I don't get the attitude that farrier's can't do a good barefoot trim. The farrier has gone to school and understands the whole leg and it's dynamics as well as any veterinarian. Many of the barefoot trimmers have taken very short courses and hang out a shingle.
Saddle, I can extremely well understand that attitude, as no, IME, so many farriers DO NOT have a very good understanding of hoof function, let alone the whole leg & horse, even the ones that have 'gone to school' to learn - I suspect they learn vastly more about blacksmithing & applying shoes than anything else (& in my country as in yours, it's an unregulated industry) so while I agree that there are many little educated/skilled trimmers out there, there are just as many bad farriers. A *good* farrier will do just as good a job as a *good* trimmer, but that's the catch - finding someone, whatever their lable - that truly knows what they're on about! At present, farrier qualifications mean diddly squat IMO & at least a couple of the *good* farriers I know have not been to 'school'. Trimmer 'qualifications' also frequently mean very little(although this seems to be changing & there are a few excellent, comprehensive courses around the world now) and I wouldn't employ anyone without some case studies to look at first at least.
I know it will take a while for his feet to grow out and have a proper trim, but how long do you suspect it will take? Once I find a farrier (and I will be keeping an EXTREMELY close eye on his feet from here on out), how will I go about getting the foot corrected? How long (approximately) will it take for his feet to be fixed? Should he be getting any exercise right now with his feet being in such bad condition?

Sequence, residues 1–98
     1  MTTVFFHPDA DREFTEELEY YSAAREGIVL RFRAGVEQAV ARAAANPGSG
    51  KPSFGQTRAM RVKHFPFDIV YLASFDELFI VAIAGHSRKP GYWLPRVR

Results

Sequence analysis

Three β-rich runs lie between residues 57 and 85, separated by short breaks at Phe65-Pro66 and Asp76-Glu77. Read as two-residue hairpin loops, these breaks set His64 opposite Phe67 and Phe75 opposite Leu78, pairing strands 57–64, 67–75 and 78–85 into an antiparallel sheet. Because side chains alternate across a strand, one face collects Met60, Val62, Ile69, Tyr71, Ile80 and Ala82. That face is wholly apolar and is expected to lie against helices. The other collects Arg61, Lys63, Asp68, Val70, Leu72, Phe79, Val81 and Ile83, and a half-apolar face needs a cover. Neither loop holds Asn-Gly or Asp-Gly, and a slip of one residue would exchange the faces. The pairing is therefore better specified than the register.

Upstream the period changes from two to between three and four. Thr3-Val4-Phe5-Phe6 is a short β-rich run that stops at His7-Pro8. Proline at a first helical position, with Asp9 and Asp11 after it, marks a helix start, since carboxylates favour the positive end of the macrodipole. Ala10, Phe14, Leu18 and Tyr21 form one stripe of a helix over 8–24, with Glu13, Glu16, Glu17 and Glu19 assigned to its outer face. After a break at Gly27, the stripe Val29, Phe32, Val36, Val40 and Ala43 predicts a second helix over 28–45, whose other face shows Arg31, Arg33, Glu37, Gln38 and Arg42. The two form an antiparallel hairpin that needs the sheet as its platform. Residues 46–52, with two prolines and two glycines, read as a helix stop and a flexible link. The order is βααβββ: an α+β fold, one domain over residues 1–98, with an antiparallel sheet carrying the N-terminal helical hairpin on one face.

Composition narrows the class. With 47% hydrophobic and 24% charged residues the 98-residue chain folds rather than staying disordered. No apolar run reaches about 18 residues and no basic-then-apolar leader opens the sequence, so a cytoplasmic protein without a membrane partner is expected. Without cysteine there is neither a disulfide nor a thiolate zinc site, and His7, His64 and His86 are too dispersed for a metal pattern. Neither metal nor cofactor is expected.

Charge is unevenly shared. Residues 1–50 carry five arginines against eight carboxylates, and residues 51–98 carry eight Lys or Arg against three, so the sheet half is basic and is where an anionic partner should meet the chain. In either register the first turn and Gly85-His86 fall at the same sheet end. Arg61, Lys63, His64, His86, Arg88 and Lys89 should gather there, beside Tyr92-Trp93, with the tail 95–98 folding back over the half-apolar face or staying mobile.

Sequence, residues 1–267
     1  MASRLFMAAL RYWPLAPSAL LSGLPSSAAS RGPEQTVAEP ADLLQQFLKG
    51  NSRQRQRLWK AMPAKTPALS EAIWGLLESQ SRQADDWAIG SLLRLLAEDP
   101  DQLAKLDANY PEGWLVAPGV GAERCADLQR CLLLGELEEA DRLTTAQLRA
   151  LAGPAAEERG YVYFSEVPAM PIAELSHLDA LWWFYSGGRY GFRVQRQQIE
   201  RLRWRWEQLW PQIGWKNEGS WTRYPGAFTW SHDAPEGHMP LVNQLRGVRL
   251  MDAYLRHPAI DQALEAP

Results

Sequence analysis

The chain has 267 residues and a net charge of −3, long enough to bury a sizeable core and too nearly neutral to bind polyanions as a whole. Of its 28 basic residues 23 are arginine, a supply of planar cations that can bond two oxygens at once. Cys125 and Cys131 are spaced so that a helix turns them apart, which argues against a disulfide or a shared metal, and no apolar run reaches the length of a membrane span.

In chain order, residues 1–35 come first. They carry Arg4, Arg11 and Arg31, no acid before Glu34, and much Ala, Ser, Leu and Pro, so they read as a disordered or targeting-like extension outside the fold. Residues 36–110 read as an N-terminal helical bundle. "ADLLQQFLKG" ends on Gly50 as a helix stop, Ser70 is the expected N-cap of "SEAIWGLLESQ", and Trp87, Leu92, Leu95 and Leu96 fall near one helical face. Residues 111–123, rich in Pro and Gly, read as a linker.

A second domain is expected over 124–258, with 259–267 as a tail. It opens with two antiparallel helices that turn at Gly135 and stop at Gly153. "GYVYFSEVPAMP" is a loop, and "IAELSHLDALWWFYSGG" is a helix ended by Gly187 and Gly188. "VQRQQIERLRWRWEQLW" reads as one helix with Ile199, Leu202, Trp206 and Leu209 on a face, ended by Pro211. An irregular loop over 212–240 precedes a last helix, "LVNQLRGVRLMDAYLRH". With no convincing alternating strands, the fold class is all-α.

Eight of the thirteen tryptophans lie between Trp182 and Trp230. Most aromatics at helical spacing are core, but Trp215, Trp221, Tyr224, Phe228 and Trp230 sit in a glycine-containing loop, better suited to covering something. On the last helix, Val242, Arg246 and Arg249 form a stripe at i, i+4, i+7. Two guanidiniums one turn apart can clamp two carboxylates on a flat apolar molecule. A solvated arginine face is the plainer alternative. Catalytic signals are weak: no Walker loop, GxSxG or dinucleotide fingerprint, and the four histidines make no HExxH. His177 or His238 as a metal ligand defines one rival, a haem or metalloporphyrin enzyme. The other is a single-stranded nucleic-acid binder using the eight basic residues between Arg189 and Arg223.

OP, how long will it take me to lose enough weight & get myself really fit? That's the sort of question you're asking above I'm afraid. There are just too many factors to possibly give you a reasonable answer. If his feet are largely healthy & sound underneath that mess, they will be quicker to recover than if there are underlying/chronic problems. If you find a good trimmer & get the horse well & frequently trimmed, this will be quicker than if you find a dud, one that does only an average job &/or you don't have them done frequently enough to keep them in good shape. If your horse has a metabolic/dietary/systemic problem that's affecting his hooves, you will need to treat/correct that, if you're able, or there may be little improvement regardless of the rest. If your horse's environment/lifestyle is unhealthy for him & his hooves, it will take longer/forever to substantially change his hoof health.
So... I'd forget about the question of 'how long' & concentrate on what you can do to improve the situation. No 1 is good regular trimming. No. 2 is attention to diet & overall health. No. 3 is padding/protecting the hooves if/as needed to allow *comfortable* exercise...